We do know how to “camp”!

Day 9 continued…

Wednesday, 10/16/19

Leaving VA Beach area we decided to take the road less traveled and drove mostly on state or county roads. We invested in a lovely Rand McNalley – Motor Carriers Addition that allows us to look for height (we’re just over 12 ft) & weight (we’re approximately 18,000 lbs) restricted roads. I personally love looking at maps and it takes me back to pre-GPS days. We may eventually invest in a GPS that allows us to enter our vehicle specification but for now, this is how I navigate.

We arrived in the Outer Banks of North Carolina after about a 3 hour drive. We are learning that 3-4 hours of driving is about our max for a day. We are no strangers to road trips, but with the rig, it takes more out of you.

Okay, okay – you want to know how our FIRST camping experience went?? We made reservations for two nights at the Oregon Inlet Campground, Nags Head, which is part of the Cape Hatteres National Seashore and we LOVED it!! While there were over 70 RV & Tent sites, it was a cozy little place. And the best part – it was just a short walk, over a few sand dunes to the beach! Oh…and the second best part – we could see the Bodie Island Lighthouse blinking out our window!

We opted to try a dry camping site. Dry camping means you do not have any hookups – water, electric or sewer. It’s inexpensive (about $28/night) and we wanted to try out our onboard battery & generator setup. (There is a lot of RV/Camper lingo – I should make a glossary for you!) We have large holding tanks for fresh water, grey water (sink & shower drains) and black (toilets ) and could probably go 5+ days without hookups.

It was a chilly, rainy, windy day when we arrived. We got set up and decided to stay cozy in the camper playing our favorite family card game – Golf! After the rain stopped, we stepped outside to find about 5 inches of water under our camper. And then the winds came… Overnight we had ridiculous winds at 20 – 30 mph with gusts around 40 mph. It was a rocky night – literally!

Day 10…

Pour-over coffee was/is my friend. With the handy gas stove, I fill my whistling tea kettle with water to make my coffee. Lucas usually asks for hot chocolate since he was used to having it with Papa each morning when we were in NY. I occasionally oblige.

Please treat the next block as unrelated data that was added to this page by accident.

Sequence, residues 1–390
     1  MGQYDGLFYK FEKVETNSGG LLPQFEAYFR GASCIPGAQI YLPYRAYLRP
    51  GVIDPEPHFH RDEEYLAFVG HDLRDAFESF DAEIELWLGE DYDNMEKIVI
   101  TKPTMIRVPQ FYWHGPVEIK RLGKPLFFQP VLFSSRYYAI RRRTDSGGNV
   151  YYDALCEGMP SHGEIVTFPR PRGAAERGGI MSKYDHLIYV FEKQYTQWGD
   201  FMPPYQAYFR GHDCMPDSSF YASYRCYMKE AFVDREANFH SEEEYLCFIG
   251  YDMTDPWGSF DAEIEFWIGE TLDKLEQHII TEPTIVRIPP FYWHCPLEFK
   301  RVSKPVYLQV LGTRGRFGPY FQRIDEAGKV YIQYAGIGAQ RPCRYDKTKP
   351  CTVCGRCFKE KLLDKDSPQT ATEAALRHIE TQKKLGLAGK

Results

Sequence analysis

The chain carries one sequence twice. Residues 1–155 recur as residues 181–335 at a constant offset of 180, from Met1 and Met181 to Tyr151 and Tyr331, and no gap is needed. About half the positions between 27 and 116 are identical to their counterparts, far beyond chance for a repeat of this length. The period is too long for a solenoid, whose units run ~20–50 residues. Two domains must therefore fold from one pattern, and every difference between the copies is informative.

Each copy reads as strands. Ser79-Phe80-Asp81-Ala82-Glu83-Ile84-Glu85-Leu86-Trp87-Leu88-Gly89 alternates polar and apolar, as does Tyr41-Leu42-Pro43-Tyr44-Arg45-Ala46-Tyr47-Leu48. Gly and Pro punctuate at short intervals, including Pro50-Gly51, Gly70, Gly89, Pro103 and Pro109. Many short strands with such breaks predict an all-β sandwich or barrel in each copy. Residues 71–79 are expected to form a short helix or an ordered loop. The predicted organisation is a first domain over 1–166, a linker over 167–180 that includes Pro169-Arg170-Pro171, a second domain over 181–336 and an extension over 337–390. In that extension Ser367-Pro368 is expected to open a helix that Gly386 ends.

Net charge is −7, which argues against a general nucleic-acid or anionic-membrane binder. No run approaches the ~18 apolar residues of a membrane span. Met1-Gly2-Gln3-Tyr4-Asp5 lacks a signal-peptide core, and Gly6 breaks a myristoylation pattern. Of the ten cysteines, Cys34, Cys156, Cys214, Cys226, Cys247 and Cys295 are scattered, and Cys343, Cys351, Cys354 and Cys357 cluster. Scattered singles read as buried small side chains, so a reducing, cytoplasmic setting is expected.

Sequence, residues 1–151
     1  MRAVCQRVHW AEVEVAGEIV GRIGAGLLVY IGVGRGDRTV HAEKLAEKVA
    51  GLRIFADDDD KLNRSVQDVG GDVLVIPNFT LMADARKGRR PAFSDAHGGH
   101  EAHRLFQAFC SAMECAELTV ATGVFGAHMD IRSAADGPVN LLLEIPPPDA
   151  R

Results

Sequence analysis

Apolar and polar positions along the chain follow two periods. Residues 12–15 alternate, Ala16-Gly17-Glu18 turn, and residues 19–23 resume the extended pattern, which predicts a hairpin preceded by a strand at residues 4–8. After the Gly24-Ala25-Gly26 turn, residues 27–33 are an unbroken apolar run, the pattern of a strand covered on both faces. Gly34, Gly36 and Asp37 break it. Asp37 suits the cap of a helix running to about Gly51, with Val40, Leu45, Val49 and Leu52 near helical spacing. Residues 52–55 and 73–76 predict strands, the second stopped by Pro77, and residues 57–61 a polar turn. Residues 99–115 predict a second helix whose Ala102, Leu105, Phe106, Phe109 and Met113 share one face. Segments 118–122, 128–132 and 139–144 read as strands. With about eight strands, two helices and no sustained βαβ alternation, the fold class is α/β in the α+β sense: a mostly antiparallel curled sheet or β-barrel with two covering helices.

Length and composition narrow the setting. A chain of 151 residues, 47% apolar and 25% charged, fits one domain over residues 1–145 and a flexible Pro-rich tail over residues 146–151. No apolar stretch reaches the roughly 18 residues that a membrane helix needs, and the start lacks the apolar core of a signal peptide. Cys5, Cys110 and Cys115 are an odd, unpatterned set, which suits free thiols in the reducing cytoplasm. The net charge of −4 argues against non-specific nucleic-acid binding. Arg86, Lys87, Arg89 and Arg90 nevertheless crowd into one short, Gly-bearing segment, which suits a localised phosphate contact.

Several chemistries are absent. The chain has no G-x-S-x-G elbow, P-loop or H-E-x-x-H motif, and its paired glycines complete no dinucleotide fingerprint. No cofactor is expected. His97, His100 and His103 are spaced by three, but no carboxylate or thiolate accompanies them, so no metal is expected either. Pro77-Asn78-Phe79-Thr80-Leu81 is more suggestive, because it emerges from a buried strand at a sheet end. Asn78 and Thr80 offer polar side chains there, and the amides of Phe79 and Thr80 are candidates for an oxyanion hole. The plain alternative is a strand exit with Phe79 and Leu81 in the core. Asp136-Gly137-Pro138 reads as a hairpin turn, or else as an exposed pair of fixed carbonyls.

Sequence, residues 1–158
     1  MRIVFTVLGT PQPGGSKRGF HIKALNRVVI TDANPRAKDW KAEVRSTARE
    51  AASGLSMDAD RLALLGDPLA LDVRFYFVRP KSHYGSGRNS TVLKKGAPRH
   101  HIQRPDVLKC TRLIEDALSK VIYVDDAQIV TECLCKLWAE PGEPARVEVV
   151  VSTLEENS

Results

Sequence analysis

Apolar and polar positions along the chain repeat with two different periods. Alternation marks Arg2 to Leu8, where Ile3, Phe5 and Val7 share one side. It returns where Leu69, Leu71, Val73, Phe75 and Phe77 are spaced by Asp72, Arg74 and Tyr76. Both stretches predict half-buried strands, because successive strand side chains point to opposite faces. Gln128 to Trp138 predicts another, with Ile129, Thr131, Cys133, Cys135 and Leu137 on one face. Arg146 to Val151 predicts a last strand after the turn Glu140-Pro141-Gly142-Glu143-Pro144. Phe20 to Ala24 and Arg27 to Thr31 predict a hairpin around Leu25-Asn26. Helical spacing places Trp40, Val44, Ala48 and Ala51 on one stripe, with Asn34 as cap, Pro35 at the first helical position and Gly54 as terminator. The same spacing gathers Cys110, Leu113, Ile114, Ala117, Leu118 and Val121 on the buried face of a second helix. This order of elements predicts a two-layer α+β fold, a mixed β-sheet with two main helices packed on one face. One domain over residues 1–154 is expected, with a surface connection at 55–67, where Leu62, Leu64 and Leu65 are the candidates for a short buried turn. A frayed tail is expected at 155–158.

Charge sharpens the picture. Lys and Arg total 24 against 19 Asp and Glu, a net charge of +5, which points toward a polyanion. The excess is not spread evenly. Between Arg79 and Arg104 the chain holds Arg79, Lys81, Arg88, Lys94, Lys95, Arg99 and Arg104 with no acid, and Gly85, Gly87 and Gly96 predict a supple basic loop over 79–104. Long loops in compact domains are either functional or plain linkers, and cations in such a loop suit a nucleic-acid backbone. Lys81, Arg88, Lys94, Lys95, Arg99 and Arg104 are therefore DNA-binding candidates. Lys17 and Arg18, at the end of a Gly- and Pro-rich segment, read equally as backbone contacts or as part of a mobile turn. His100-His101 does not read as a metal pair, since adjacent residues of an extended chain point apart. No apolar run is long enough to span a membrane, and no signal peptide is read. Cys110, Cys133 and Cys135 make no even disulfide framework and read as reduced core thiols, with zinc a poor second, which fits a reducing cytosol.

With our only full day in OBX, we decided to take in the Cape Hatteras Lighthouse, Wright Brothers Museum and Jockey’s Ridge State Park.

  • Cape Hatteras Lighthouse – Buxton, NC

Unfortunately, the Cape Hatteras Lighthouse was closed so we could only take pictures. Lucas was disappointed we couldn’t climb it. Here we purchased our National Park (NP) Passport book. This book provides a NP map and a way to track what NP’s you visit. Each NP has a stamp or sticker (if you purchase the packet) you are able to put in the book.

After leaving the lighthouse, we drove the rest of the way south to the town of Hatteras. We could still see some damage – tree debris and damaged roofs – from Hurricane Dorian. The most notable, of course, was that the ferry to Ocracoke was only open to residents or property owners – no visitors.

  • Wright Brothers Museum – Kitty Hawk, NC

I was excited to share this museum with Lucas & Matthew having visited it about 7 years ago with friends. Here Lucas received a Junior Ranger (JR) booklet and we went to work completing a few activities. For those who aren’t familiar with the JR program, each NP provides a booklet with age appropriate activities typically from 5 yr old to teens. You complete a particular number of activities based on your age. Once the activities are completed, you visit the ranger, get a stamp, say a pledge and receive a badge. It’s a great way to learn as you go and definitely makes it more interesting or Lucas.

We toured the museum, walked the grounds – markers for the first 4 flights, the memorial on the hilltop and replica of the plane from the first flight. It was a beautiful afternoon and nice to be outside. After completing our tasks, Lucas said his first JR pledge and received his first badge. He was so thrilled!

  • Jockey’s Ridge State Park – Kitty Hawk, NC

Just down the road a few miles, we arrived at Jockey’s Ridge. This is the tallest, living sand dune on the Atlantic Coast. What a cool, fun place. Lucas could have ran for days. Unfortunately, it was still a bit breezy so we had to be careful not to get sand blown in our eyes. After dinner out, we headed back to the RV.

At this point we realize that we are leaving the AM with no campsite reservation for the night. Unfortunately, the state park just south of Wilmington we wanted to go to was down to first-come, first-serve sites. We decided to go for it.

Day 11…

Lucas & I were hoping to catch the sunrise but it was cloudy. Still a beautiful morning walking the dunes to the ocean.

Packing up the RV, visiting the dump station to drain holding tanks & fill our water and popping in to Bodie Lighthouse for Lucas to complete his Cape Hatteras/Bodie Island JR booklet & receive badge #2 before heading south.

5 thoughts on “We do know how to “camp”!

  1. Wonderful! Thanks for the pix and narrative. Definitely stay off the Interstates whenever you can, and keep enjoying. Down-time relaxing is also called for, maybe some reading and/or drawing?

    Like

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